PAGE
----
by Amanda Roe
Amanda supports clients in their recovery from trauma, anxiety and stress. For more information or to arrange a free virtual discovery session with Skype or Zoom call/text 087 633 1898 or email email@example.com.
Dear readers these are very unusual times we are experiencing and I hope you are well.
Covid-19 has dramatically affected everyone in what feels like a blink of an eye. I am thankful that I live in Ireland and that the government took such rapid action, both in restricting movement in the hope of reducing the spread of infection and protecting our relatives, community and healthcare practitioners, and also in financially supporting those of us who are so suddenly out of work.
I feel fortunate to live in the countryside and be able to go for walks and work virtually from home. What I have noticed is that, for some, this is a much-needed, short-term opportunity to slow down, spend more time with family, practice self-care and de-stress.
For others, reduced freedom of movement and lack of earning has made life extremely stressful.
I write a lot about stress. It is something that the 21st century has accepted as a normal everyday occurrence. But it is worth noting that the American medical association refers to stress as the root cause of more that 60 per cent of all human illnesses and disease. The reason that stress has such an impact on our health is because stress makes the body work harder; it then uses more energy, more vitamins, more minerals and more hormones to manage stress and depletes the resources needed by the immune system. When the immune system is weak there are very obvious symptoms like chronic fatigue, headaches, grinding teeth, increased heart rate, digestive disorders, insomnia, anxiety and emotional or behaviour problems.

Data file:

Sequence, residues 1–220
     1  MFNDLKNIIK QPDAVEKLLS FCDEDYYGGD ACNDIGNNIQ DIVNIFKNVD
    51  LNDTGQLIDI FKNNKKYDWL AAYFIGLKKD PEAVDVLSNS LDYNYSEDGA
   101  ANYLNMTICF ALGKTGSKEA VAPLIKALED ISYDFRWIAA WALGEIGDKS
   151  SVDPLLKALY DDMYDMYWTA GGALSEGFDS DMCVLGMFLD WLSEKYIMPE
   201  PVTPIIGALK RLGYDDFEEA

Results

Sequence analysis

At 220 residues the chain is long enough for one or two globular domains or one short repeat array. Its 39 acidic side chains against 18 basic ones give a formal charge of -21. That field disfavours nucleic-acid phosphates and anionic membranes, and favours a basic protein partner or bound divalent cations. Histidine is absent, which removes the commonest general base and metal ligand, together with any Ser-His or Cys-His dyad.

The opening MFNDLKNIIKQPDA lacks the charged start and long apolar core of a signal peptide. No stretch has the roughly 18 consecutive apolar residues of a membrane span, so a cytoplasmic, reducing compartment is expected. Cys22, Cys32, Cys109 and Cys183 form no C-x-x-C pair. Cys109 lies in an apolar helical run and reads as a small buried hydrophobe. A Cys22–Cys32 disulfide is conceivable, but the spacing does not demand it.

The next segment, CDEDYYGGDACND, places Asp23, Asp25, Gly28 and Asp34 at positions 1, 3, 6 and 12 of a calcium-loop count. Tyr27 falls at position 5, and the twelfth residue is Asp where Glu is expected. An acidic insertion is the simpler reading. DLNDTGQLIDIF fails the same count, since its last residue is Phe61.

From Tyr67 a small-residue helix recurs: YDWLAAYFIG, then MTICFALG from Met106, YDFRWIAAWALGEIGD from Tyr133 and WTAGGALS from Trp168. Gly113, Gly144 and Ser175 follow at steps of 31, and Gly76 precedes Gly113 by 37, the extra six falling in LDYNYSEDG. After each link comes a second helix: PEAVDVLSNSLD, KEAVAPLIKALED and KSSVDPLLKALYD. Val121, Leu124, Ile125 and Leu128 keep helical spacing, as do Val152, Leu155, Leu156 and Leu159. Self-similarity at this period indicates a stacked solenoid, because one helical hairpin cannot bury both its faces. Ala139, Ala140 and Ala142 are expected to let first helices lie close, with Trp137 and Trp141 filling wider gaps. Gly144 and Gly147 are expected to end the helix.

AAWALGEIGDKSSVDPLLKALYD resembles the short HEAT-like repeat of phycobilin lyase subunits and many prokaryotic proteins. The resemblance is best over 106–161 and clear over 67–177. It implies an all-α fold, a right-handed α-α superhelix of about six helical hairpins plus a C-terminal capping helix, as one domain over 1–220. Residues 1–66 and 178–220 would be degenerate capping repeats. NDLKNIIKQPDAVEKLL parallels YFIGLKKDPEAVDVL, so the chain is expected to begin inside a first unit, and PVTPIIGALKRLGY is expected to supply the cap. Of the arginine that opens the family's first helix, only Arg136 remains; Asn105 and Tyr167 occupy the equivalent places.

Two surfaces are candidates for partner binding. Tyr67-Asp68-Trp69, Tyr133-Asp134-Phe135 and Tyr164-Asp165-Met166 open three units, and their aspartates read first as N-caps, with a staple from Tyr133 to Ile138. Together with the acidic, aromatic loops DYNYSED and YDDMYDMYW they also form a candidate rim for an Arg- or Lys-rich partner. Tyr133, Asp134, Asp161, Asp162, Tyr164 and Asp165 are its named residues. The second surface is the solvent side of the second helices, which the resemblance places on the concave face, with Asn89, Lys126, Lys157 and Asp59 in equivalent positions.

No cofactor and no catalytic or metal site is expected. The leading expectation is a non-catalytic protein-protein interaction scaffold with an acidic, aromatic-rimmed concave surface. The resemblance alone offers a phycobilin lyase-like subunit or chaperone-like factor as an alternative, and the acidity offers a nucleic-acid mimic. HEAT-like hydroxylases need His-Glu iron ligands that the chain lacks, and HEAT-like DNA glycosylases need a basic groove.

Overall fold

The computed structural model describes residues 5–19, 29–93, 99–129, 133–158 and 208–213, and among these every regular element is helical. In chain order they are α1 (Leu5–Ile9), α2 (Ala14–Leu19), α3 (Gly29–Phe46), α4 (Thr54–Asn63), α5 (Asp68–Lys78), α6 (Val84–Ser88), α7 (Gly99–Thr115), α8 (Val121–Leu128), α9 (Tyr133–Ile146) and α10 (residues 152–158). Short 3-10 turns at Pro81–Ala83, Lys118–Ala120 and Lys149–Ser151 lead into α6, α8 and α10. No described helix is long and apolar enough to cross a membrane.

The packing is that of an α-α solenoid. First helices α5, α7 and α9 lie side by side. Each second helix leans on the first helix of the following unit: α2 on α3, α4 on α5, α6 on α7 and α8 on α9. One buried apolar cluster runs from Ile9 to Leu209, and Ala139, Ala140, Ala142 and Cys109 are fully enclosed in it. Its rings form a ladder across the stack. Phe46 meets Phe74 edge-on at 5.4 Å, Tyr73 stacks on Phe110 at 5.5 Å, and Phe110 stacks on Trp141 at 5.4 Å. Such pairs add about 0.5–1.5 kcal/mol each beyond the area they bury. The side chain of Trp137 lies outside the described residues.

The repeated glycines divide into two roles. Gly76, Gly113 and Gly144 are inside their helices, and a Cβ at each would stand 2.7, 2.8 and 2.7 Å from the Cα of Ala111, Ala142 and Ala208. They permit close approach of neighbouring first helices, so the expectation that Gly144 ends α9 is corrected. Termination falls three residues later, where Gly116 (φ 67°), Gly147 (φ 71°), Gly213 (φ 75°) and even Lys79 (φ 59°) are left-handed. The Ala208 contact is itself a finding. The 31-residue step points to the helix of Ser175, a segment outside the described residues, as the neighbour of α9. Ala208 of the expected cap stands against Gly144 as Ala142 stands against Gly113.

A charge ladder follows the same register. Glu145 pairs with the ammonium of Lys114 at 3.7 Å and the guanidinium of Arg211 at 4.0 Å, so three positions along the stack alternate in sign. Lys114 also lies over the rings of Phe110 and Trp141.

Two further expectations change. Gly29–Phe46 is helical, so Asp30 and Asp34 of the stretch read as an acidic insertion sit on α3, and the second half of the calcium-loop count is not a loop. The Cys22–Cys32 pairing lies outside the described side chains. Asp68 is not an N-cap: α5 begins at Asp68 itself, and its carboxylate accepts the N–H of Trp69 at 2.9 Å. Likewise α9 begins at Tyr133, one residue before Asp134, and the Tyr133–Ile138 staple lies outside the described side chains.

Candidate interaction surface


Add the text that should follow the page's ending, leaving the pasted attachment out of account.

When we reduce stress it leaves more nutritional resources for the immune system and the body better equipped to stay healthy and well.
Stress comes in many forms including trauma, nutritional, physical, emotional, relationship, financial, and work-related.
We don’t know how long self-isolation will last but it is an opportunity to practice more self care and reduce stress so we can boost our immune system and stay as healthy as possible.
The foundation of stress management is to look after your body, mind and emotions, by reducing stress and getting enough rest, nutrition, exercise and fulfillment.
You will have the most health improvements by removing stress, so make a list of the stressors in your life and ask yourself ‘What step can I do today that will remove one or more of these?’
Next prioritise getting enough sleep to recharge your batteries, adults need seven to nine hours of sleep and you will feel more energised if you set your sleep routine in sync with nature’s circadian rhythms.
This sleeping and feeding body clock shifts according to the climate, seasons, sunrise and sunset but it is a good idea to be in bed by 10pm to nourish your adrenal (stress management) glands.
Third, bin the junk food and processed carbs and pack breakfast, lunch and dinner full of proteins, vegetables, essential fats and nutrients.
Fourth, exercise is good for our body, heart and head, so go for a walk, bounce on a trampoline, cycle, or join an online yoga group – there are so many options to choose from.
Last but certainly not least, identify the things in life that make you feel good about yourself and do more of the things that make you smile and laugh as that will reduce stress and boost you immune system too.
Best wishes and I hope you stay healthy and well.